I am pleased to rise to speak on the Education and Training Reform Amendment (Regulation of Student Accommodation) Bill 2020. Might I say that on a day like this when there is politics rife and there are all sorts of things happening it is incredible to see how politicians and how this house particularly can come together and in a bipartisan way agree on a piece of really important legislation. Today is only a reflection of what has gone on for a very long time, and I came into this place in 2014, after the Betrayal of Trust report, when the Royal Commission into Institutional Responses to Child Sexual Abuse was still underway. I have learnt a great deal about the institutional abuse of children during that time. And I would like to acknowledge the member for Broadmeadows, who is just about to leave. I have seen his passion on this topic many times in this place and it is an absolute credit to him and so many others who took up the cause and who ensured that this went to a parliamentary committee, that the investigations were done, that the evidence was heard and that people’s voices were heard. The outcomes of that I have seen on many occasions in this place by way of what are just little bits of legislation. They are just amendments here, amendments there, but they are part of an overall package that is bringing together a framework which we hope will provide a level of protection to children throughout every aspect of their lives.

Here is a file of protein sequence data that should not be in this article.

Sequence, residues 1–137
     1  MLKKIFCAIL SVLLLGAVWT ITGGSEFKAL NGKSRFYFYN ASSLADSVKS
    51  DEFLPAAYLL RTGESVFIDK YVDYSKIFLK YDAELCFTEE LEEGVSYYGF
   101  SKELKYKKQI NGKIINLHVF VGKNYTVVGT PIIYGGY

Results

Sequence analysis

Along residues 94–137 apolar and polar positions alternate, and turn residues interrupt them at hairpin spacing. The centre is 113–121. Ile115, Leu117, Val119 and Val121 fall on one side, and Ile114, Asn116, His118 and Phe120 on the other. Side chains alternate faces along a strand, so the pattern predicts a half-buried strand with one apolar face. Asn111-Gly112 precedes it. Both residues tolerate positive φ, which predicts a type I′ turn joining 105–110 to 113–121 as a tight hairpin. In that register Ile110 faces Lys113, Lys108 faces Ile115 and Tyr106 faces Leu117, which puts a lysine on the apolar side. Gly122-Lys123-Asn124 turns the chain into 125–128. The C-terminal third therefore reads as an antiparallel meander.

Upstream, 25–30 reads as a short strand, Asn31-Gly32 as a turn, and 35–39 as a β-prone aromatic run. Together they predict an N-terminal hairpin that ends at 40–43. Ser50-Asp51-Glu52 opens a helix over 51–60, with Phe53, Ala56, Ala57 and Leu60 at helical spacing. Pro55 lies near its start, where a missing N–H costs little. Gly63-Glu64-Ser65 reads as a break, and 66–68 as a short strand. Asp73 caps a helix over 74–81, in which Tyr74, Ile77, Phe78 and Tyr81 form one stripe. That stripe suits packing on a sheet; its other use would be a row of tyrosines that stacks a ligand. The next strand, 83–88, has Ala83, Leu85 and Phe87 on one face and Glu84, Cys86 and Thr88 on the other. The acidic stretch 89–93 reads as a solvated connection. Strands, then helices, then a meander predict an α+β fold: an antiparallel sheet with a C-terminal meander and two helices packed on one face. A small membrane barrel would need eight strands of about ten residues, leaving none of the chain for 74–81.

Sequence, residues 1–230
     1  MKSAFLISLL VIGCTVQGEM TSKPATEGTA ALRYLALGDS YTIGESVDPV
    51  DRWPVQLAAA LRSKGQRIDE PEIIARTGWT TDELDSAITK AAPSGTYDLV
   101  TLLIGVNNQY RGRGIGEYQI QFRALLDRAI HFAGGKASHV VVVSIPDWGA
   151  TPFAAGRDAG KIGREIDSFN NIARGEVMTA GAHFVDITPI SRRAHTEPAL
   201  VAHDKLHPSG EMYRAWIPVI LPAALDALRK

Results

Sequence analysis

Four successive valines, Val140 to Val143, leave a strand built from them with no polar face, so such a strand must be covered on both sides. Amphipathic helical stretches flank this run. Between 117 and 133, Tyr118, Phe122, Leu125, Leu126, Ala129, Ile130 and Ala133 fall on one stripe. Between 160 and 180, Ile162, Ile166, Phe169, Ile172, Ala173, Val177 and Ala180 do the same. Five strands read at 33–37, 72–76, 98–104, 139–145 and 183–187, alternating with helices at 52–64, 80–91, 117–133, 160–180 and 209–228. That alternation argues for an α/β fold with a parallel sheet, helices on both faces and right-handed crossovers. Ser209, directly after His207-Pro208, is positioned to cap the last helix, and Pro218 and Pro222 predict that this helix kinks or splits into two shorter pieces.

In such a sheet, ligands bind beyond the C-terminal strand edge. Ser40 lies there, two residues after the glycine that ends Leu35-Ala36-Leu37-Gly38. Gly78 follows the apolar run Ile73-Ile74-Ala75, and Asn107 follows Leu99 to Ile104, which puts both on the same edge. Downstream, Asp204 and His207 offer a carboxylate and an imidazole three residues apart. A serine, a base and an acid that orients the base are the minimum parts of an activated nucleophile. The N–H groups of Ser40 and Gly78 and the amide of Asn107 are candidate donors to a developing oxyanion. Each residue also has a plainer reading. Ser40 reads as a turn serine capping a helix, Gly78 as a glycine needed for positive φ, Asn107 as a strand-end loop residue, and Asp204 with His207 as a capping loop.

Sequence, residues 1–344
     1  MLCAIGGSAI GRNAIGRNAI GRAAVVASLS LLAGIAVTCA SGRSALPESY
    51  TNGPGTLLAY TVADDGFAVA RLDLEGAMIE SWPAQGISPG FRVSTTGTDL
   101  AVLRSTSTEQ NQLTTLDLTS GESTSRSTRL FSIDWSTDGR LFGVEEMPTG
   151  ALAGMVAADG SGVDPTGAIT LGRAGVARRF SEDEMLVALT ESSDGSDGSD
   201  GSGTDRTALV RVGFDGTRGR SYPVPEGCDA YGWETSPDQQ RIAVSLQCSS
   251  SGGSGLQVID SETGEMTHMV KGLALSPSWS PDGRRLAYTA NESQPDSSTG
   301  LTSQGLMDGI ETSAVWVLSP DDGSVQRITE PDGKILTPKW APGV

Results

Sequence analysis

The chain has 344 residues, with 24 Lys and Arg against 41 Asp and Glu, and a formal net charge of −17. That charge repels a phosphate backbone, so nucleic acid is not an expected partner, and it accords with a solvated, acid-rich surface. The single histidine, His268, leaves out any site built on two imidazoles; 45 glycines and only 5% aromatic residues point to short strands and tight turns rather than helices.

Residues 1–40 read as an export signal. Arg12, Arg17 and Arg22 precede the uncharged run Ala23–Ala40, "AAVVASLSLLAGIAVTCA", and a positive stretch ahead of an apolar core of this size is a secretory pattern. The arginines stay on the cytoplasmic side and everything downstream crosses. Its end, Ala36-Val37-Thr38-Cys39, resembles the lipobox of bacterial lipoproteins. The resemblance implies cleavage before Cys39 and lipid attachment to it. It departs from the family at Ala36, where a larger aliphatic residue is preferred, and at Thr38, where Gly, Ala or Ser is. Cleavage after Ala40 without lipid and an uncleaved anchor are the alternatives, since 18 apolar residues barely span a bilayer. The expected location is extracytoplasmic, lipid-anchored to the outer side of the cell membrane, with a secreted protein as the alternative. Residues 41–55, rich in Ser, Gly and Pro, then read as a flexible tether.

We have an absolute duty of care to protect children, and I think we all know that. I personally stand here very passionate about trying to achieve some labelling on alcohol so that pregnant women can understand the impact of what alcohol might do to their children. So it is from conception to adulthood that we have to address the issues of child abuse and their protection. I have been around a lot longer than many people in this place, and my husband has been the forensic paediatrician for northern Victoria for probably 20 years, back in the 1980s and 90s, so conversations at our dinner table were so often around his distress, their distress, the hospital’s distress, families’ distress—all the horror that goes with child abuse that is just continuing today in so many environments.